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Mar. Drugs 2019, 17(4), 199; https://doi.org/10.3390/md17040199

Article
Characterization of Antifungal Lipopeptide Biosurfactants Produced by Marine Bacterium Bacillus sp. CS30
1
College of Life Sciences, Qingdao University, Qingdao 266071, China
2
CAS Key Laboratory of Experimental Marine Biology, Institute of Oceanology, Chinese Academy of Sciences, Qingdao 266071, China
3
Laboratory for Marine Biology and Biotechnology, Qingdao National Laboratory for Marine Science and Technology, Qingdao 266071, China
4
Center for Ocean Mega-Science, Chinese Academy of Sciences, Qingdao 266071, China
*
Authors to whom correspondence should be addressed.
Received: 18 March 2019 / Accepted: 27 March 2019 / Published: 29 March 2019

Abstract

:
This study was initiated to screen for marine bacterial agents to biocontrol Magnaporthe grisea, a serious fungal pathogen of cereal crops. A bacterial strain, isolated from the cold seep in deep sea, exhibited strong growth inhibition against M. grisea, and the strain was identified and designated as Bacillus sp. CS30. The corresponding antifungal agents were purified by acidic precipitation, sequential methanol extraction, Sephadex LH-20 chromatography, and reversed phase high-performance liquid chromatography (RP-HPLC), and two antifungal peaks were obtained at the final purification step. After analysis by mass spectrometry (MS) and tandem MS, two purified antifungal agents were deduced to belong to the surfactin family, and designated as surfactin CS30-1 and surfactin CS30-2. Further investigation showed that although the antifungal activity of surfactin CS30-1 is higher than that of surfactin CS30-2, both of them induced the increased generation of reactive oxygen species (ROS) and caused serious damage to the cell wall and cytoplasm, thus leading to the cell death of M. grisea. Our results also show the differences of the antifungal activity and antifungal mechanism of the different surfactin homologs surfactin CS30-1 and surfactin CS30-2, and highlight them as potential promising agents to biocontrol plant diseases caused by M. grisea.
Keywords:
lipopeptide; surfactin; Bacillus; antifungal; reactive oxygen species

1. Introduction

With the emerging resistance of pathogens to commonly used antibiotics or fungicides, the discovery and development of new alternative chemicals is of the utmost importance. Lipopeptides are natural small cyclic or linear compounds synthesized by various microorganisms, which consist of hydrophobic long alkyl chains and hydrophilic polypeptides [1]. Due to their amphipathic characteristics, lipopeptides can induce the formation of pore and ion channels in lipid bilayer membranes and cause less pathogen resistance compared with traditional antibiotics or fungicides. In addition, lipopeptides are more environment-friendly because of their low toxicity and high biodegradability, and also possess high stability towards extreme temperature, pH, and salinity, thus becoming an alternative to ordinary chemical agents [2,3,4]. Furthermore, lipopeptides exhibit a variety of activities in anti-bacterial, anti-fungal, anti-viral, anti-inflammatory, and anti-cancer aspects, indicating that lipopeptides have high application potentialities in chemical, agricultural, pharmaceutical, and food industries [5,6,7].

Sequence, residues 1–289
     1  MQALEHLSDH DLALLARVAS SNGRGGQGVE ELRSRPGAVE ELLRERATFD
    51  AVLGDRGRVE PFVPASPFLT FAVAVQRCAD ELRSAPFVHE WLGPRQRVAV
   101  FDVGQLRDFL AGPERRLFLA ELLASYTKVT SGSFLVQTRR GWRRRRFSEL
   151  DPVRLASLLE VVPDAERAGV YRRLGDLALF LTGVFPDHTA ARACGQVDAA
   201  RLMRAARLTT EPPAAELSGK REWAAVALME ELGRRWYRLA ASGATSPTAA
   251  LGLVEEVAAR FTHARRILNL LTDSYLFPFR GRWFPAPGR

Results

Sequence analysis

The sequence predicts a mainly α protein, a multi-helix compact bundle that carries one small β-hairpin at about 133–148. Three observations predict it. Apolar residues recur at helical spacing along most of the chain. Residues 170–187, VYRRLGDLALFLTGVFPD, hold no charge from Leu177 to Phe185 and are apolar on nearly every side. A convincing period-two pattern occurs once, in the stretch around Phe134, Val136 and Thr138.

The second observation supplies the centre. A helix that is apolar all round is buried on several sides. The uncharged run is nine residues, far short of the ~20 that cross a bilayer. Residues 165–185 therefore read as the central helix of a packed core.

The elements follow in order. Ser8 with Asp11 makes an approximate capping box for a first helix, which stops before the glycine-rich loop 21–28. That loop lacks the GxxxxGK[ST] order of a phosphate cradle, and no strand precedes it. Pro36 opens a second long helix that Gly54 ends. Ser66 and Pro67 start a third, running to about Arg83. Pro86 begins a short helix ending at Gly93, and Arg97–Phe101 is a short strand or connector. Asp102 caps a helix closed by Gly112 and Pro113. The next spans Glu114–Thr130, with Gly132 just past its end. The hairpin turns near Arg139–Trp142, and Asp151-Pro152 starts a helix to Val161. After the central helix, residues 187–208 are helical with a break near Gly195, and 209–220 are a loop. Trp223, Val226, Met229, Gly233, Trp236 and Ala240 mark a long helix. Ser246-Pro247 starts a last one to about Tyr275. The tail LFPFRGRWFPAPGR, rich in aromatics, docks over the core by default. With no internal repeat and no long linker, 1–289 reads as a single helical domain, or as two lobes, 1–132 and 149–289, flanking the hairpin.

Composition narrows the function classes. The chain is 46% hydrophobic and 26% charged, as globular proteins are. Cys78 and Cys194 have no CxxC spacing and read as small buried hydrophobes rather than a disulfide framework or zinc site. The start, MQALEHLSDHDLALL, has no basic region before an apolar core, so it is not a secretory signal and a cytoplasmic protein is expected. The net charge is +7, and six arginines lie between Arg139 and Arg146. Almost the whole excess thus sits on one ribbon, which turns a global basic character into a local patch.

Bacillus sp., such as B. subtilis, B. cereus, B. licheniformis, and B. amyloliquefaciens, have been reported as the major producers of lipopeptides [1,8,9,10]. Lipopeptides produced by Bacillus are synthesized by large multi-enzyme, non-ribosomal peptide synthetases (NRPSs), which lead to a remarkable heterogeneity among the lipopeptides with regards to the type and sequence of amino acid residues, the nature of the peptide cyclization, and the length and branching of the fatty acid chain [11]. Based on their structures, lipopeptides produced by Bacillus sp. are mainly classed into three categories: iturins, fengycins, and surfactins. Iturins are cyclopeptides composed of C14-C17 β-amino fatty acids and heptapeptides. Fengycins consist of β-hydroxy fatty acid chains and decapeptides, which form cyclic lactone rings. Surfactins contain cyclic lactone rings consisting of C13-C16 β-hydroxy fatty acids and heptapeptides [12]. Most Bacillus sp. can produce one type of lipopeptide and a few can produce two or three types of lipopeptides [13,14,15]. The biological activities of lipopeptides are closely related to the sequence of amino-acid residues, the cyclization of the peptide, and the length and branching of the fatty acid chain [16].
With the continuous extensive exploration of terrestrial microbial resources, marine microorganisms have gradually attracted scientists’ interests [17]. The marine environment has an extraordinary supply of natural bioactive products, many of which are demonstrated to have different structural or chemical characteristics from those found on land [18]. The deep-sea environment is a unique habitat, and deep-sea microorganisms, because of their adaptation to this extreme environment, have the potential to produce novel secondary metabolites with biological activities.
In this present study, we isolated a bacterial strain Bacillus sp. CS30 from the cold seep in deep sea, which can significantly inhibit the growth of the plant pathogen Magnaporthe grisea. We purified the active antifungal agents and determined their structural and functional properties. Furthermore, their antifungal mechanisms were also investigated.

2. Results

2.1. Isolation and Identification of Marine Bacterial Strain against M. grisea